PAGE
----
What about Parry’s love, mired in the De Clerambault Syndrome? Joe muses as follows: “a man who had a theory about pathological love and who had given his name to it, like a bridegroom at the altar, must surely reveal, even if unwittingly, the nature of love itself. For there to be a pathology, there had to be a lurking concept of health. De Clerambault’s syndrome was a dark, distorting mirror that reflected and parodied a brighter world of lovers whose reckless abandon to their cause was sane” (137). Taken as a whole, however, the subject matter of this novel suggests no such sane world of normality among lovers. On the contrary. The last pair of lovers to appear in the book are an old professor of logic and his much, much younger student. Like any other lovers, they are “aloft on the wings of love” and behaving in ways that are far from logical: “thirty years between us, but we’re in love.”

Jed Parry, immured as he is in his own private world of insanity, turns out, nonetheless, to be the most devoted slave of love. Passages from his letters to Joe could be taken—maybe some passages are—directly from the letters of Keats to Fanny Brawne. “I’m sitting at a small wooden table on a covered balcony that extends from the study and looks out over the inner courtyard. The rain is falling on two flowering cherry trees. The branch of one grows through the railings, so that I am close enough to see how the water forms into oval beads tinged by the flowers’ pale pink. Love has given me new eyes, I see with such clarity, in such detail. The grain of the old wooden posts, each separate blade of grass on the wet lawn below, the little tickly black legs of the lady bird walking across my hand a minute ago. Everything I see I want to touch and stroke. At last I’m awake. I feel so alive, so alert with love” (104).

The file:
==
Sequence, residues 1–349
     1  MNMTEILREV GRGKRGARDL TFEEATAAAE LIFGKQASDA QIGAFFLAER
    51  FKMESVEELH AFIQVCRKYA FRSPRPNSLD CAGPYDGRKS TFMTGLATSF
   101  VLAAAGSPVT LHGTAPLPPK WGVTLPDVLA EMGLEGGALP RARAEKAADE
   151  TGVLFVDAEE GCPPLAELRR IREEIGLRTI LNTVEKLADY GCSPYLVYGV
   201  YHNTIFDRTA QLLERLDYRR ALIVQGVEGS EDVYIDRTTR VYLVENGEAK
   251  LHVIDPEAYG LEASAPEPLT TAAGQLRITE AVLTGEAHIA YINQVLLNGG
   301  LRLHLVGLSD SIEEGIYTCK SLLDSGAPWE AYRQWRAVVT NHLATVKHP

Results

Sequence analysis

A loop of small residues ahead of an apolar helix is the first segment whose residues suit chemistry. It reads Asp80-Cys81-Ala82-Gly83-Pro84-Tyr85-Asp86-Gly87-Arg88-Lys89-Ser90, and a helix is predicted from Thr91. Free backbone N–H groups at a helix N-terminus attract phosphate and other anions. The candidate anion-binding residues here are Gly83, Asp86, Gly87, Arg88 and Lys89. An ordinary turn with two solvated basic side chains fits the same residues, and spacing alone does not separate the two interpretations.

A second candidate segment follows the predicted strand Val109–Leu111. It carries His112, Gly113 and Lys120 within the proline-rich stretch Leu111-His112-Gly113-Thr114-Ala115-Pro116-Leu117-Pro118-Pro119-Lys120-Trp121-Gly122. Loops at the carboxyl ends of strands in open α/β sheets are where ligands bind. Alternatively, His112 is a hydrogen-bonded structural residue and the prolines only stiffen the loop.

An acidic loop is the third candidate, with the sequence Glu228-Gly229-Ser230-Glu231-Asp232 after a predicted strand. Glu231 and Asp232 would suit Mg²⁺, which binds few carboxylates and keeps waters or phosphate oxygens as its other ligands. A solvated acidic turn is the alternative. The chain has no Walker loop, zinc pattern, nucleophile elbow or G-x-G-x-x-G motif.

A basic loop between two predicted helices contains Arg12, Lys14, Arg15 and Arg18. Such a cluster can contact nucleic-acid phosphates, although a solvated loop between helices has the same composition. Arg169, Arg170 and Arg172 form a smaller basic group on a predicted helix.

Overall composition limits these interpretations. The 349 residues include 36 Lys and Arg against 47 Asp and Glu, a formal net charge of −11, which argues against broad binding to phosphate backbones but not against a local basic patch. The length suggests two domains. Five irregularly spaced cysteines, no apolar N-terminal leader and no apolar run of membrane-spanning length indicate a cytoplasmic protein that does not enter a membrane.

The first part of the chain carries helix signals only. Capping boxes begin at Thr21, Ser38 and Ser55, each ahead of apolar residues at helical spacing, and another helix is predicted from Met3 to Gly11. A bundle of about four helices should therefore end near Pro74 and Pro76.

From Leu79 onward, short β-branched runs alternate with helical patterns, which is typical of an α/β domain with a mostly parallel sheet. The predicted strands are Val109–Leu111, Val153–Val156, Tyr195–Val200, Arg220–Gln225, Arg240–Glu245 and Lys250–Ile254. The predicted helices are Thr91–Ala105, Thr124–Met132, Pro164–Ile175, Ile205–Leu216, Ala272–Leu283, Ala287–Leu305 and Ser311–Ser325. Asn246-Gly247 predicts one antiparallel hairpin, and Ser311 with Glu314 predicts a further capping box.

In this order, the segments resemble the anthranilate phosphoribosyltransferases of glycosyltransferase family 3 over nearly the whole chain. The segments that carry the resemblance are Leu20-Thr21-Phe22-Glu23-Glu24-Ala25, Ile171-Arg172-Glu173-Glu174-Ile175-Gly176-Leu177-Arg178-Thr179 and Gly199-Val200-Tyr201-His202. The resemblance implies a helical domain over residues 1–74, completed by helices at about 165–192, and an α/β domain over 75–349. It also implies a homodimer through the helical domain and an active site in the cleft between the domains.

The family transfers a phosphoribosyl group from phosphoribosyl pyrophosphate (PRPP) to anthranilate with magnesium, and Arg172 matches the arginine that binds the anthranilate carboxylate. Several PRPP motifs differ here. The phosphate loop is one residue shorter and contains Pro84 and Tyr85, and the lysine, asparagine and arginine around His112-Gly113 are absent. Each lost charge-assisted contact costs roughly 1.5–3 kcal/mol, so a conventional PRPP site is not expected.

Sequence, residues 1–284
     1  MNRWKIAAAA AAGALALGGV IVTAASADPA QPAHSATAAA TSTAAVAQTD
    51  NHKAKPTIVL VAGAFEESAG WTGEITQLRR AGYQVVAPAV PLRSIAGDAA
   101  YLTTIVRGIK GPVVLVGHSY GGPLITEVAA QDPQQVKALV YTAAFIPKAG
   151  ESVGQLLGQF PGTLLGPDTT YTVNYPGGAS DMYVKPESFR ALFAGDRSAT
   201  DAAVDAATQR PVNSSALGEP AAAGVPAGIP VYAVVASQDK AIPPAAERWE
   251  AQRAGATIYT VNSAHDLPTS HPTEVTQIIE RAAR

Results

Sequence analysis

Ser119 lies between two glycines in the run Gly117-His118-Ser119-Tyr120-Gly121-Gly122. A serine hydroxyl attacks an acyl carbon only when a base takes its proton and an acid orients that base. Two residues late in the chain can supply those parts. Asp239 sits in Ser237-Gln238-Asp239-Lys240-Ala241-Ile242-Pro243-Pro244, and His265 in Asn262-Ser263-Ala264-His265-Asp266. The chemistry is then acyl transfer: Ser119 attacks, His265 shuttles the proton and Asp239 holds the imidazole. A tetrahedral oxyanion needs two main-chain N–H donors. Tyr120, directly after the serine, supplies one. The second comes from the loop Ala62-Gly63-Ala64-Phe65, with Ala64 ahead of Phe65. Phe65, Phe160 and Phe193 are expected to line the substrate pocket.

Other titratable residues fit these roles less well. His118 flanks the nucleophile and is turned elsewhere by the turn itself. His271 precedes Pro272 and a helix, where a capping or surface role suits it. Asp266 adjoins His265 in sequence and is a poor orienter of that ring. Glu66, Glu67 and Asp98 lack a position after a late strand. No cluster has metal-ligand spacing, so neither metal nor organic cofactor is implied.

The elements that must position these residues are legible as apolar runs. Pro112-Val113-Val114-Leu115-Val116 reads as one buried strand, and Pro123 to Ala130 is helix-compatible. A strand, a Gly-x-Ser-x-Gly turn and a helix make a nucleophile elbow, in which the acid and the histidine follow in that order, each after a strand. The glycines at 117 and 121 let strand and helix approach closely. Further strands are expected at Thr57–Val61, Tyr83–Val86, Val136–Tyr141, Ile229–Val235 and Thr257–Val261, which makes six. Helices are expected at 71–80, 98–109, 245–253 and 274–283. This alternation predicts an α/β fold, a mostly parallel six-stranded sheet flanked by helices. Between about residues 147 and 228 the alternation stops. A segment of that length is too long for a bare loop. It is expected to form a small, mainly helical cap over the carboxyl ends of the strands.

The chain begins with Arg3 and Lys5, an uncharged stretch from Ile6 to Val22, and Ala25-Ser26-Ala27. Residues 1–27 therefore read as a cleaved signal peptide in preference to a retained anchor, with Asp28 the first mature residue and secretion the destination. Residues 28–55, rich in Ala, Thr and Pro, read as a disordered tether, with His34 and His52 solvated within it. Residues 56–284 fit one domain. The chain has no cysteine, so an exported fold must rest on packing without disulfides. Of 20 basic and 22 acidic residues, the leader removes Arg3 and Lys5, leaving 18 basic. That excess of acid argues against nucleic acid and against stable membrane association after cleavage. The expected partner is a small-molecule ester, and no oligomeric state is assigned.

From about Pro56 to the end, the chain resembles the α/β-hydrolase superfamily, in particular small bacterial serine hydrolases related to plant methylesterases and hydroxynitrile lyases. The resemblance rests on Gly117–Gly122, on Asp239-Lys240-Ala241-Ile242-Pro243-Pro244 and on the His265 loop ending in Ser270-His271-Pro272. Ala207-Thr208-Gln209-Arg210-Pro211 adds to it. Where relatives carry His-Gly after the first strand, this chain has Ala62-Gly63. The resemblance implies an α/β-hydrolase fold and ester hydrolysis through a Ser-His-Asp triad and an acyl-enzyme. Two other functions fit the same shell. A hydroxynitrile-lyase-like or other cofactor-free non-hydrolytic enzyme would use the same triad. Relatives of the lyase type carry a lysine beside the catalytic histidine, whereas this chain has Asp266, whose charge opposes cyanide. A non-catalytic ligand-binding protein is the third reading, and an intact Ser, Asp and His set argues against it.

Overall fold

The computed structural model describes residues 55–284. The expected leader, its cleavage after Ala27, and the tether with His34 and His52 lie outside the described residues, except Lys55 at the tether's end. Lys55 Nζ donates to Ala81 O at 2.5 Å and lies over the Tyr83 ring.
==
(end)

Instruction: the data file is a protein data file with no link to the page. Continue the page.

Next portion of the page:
In the book’s final love letter, crazed Parry writes to Joe as if he were in communication with him, apparently seeing signs in every movement of a leaf outside his window—as he had once assumed that Joe were leaving messages in the privet hedge outside his apartment building. “The old tears streaming, but the joy! The thousandth day, my thousandth letter, and you telling me that what I’m doing is right! At first you didn’t see the sense of it, and you cursed our separation. Now you know that every day I spend here brings you one tiny step closer to that glorious light, His love . . . This happiness is almost an embarrassment to me . . . You know it already, but I need to tell you again that I adore you, I live for you. I love you” . . . etc., etc.

The title is perfect: Enduring Love. Here is the dictionary definition of the word “enduring”: (1) lasting, durable; (2) chronic, unresolved: “an enduring problem”; (3) long-suffering.

“I have two luxuries to brood over in my walks, your Loveliness and the hour of my death. O that I could have possession of them both in the same minute. I hate the world: it batters too much the wings of my self-will, and would I could take a sweet poison from your lips to send me out of it. From no others would I take it. I am indeed astonish’d to find myself so careless of all charms but yours—remembering as I do the time when even a bit of ribband was a matter of interest with me.”

From a letter of John Keats to Fanny Brawne, dated July 27, 1819

U.R. Bowie, author of Sama Seeker in the Time of the End Times